Mishap to Delay Launch of NASA Communications Satellite

TDRS-M spacecraft
TDRS-M is the third and final spacecraft in a series built by Boeing for NASA. The spacecraft provide S-, Ka- and Ku-band communications services for the International Space Station, Hubble Space Telescope, and other spacecraft in Earth orbit. (Image credit: NASA)

WASHINGTON — NASA announced July 21 that the launch of a communications satellite previously scheduled for early August will be postponed to replace an antenna damaged during launch preparations.

In a statement issued late July 21, NASA said the agency, with satellite manufacturer Boeing and launch services provider United Launch Alliance, "are reviewing a new launch date in August" for the Tracking and Data Relay Satellite (TDRS) M spacecraft. The launch had been scheduled for Aug. 3.

The statement came a day after NASA said it and Boeing were reviewing plans to replace an omnidirectional S-band antenna on the spacecraft. That antenna was apparently damaged July 14 during final closeout activities at an Astrotech Space Operations payload processing facility in Titusville, Florida. TDRS-M was, at the time of the incident, being prepared for encapsulation into a payload fairing and installation onto an Atlas V rocket.

NASA's TDRS-M satellite being prepared for launch July 13, one day before the incident with the S-band omni antenna (Image credit: Glenn Benson/NASA)

Complicating that process is a separate and unrelated issue with ground support equipment for the spacecraft. NASA said it was "evaluating a possible electrostatic discharge event" affecting that equipment in the July 20 statement, but did not elaborate on the severity of the problem. In the July 21 statement, NASA said the potential ground support equipment issue was at the Astrotech facility, and not the launch site as previously stated by NASA.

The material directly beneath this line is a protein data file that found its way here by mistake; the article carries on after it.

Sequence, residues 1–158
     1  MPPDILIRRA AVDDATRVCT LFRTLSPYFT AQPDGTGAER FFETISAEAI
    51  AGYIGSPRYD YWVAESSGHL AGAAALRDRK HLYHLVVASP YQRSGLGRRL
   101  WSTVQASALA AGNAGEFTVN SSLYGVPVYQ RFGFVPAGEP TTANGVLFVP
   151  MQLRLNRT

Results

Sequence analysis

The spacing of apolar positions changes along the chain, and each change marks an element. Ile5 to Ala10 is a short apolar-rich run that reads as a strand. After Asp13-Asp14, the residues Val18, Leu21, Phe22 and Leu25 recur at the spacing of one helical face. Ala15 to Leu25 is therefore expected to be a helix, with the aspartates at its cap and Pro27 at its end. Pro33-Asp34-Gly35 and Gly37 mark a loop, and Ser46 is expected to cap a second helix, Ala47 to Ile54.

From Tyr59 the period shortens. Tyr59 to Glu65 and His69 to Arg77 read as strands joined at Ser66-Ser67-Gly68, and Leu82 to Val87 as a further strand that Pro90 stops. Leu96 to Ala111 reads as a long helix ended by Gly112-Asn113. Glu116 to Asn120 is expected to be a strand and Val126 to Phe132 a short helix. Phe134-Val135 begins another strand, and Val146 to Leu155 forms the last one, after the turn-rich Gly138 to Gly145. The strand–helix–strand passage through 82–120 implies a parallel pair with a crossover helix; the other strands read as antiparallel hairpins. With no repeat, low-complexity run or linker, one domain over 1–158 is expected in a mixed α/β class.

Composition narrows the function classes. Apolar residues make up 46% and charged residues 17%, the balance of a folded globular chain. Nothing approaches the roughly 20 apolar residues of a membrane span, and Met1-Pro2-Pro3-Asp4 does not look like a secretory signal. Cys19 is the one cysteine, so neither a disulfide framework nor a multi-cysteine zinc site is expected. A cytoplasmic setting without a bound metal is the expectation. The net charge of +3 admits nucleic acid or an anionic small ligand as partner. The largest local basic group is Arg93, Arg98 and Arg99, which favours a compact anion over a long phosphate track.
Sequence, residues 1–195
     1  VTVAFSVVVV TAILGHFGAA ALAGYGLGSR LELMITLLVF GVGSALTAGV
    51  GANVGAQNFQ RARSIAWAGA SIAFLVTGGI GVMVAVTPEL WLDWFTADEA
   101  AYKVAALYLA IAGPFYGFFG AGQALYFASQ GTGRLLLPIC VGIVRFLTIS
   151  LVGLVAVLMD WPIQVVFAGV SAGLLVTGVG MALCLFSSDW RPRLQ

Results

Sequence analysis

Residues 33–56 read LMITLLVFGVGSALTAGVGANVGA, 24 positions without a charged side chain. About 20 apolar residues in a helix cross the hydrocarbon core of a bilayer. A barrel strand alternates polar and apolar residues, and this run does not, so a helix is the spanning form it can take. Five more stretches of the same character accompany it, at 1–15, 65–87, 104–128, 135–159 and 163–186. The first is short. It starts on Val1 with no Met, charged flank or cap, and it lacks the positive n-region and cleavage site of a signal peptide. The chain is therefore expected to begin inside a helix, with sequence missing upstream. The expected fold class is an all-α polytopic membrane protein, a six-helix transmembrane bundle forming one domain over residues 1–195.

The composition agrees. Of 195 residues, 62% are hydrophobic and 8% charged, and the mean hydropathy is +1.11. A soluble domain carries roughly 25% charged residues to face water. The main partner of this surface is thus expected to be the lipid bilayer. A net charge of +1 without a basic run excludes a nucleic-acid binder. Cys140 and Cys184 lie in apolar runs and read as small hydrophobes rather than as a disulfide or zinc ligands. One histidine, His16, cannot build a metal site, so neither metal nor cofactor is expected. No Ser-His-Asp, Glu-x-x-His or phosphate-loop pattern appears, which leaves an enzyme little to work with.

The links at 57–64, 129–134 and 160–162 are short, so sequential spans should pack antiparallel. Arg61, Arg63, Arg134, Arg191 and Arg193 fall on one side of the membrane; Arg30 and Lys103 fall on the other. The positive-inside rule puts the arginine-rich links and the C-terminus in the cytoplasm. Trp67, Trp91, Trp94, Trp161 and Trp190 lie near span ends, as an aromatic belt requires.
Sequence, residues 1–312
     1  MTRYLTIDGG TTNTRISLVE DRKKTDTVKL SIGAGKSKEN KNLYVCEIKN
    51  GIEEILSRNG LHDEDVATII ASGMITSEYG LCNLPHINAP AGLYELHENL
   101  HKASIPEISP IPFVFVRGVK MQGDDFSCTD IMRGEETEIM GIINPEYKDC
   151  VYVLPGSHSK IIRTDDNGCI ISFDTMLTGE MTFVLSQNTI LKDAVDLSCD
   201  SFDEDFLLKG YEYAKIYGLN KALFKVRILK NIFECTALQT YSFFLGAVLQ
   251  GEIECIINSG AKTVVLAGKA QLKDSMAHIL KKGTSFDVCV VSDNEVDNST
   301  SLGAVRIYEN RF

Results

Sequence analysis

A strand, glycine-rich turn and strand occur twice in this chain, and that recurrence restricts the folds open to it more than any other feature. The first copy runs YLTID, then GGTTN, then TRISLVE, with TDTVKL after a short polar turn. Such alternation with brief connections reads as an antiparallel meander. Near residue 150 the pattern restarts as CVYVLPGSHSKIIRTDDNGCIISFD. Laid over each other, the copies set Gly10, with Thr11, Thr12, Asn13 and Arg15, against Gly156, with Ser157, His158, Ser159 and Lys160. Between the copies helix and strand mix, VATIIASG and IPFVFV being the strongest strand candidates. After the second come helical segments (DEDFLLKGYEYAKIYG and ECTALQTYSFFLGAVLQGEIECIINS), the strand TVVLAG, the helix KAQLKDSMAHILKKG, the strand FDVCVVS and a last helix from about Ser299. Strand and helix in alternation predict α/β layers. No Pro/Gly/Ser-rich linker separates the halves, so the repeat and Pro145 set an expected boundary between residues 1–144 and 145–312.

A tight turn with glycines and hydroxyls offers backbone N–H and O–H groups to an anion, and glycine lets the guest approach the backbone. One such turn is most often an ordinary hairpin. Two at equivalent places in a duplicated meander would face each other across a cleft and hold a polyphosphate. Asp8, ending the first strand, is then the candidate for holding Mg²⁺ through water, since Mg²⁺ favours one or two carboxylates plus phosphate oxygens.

The TDRS-M satellite is equipped with two S-band omnidirectional antennas, located on the forward and aft sides of the spacecraft. Those antennas are used for tracking, telemetry and command of the satellite itself.

The geostationary orbit satellites are also equipped with two parabolic antennas for Ka-, Ku- and S-band communications, a phased-array antenna that supports multiple S-band users and a dedicated space-to-ground antenna. Those antennas support communications with the International Space Station, Hubble Space Telescope and other satellites in Earth orbit.

TDRS-M is the third and final satellite in a series built by Boeing under a NASA contract awarded in 2007. The contract originally included two satellites with options for two more. NASA executed the option for just one of the two additional satellites. TDRS-K, now known as TDRS-11, launched in January 2013 and TDRS-L, now TDRS-12, launched one year later.

Originally published on Space News.

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Jeff Foust
SpaceNews Senior Staff Writer

Jeff Foust is a Senior Staff Writer at SpaceNews, a space industry news magazine and website, where he writes about space policy, commercial spaceflight and other aerospace industry topics. Jeff has a Ph.D. in planetary sciences from the Massachusetts Institute of Technology and earned a bachelor's degree in geophysics and planetary science from the California Institute of Technology. You can see Jeff's latest projects by following him on Twitter.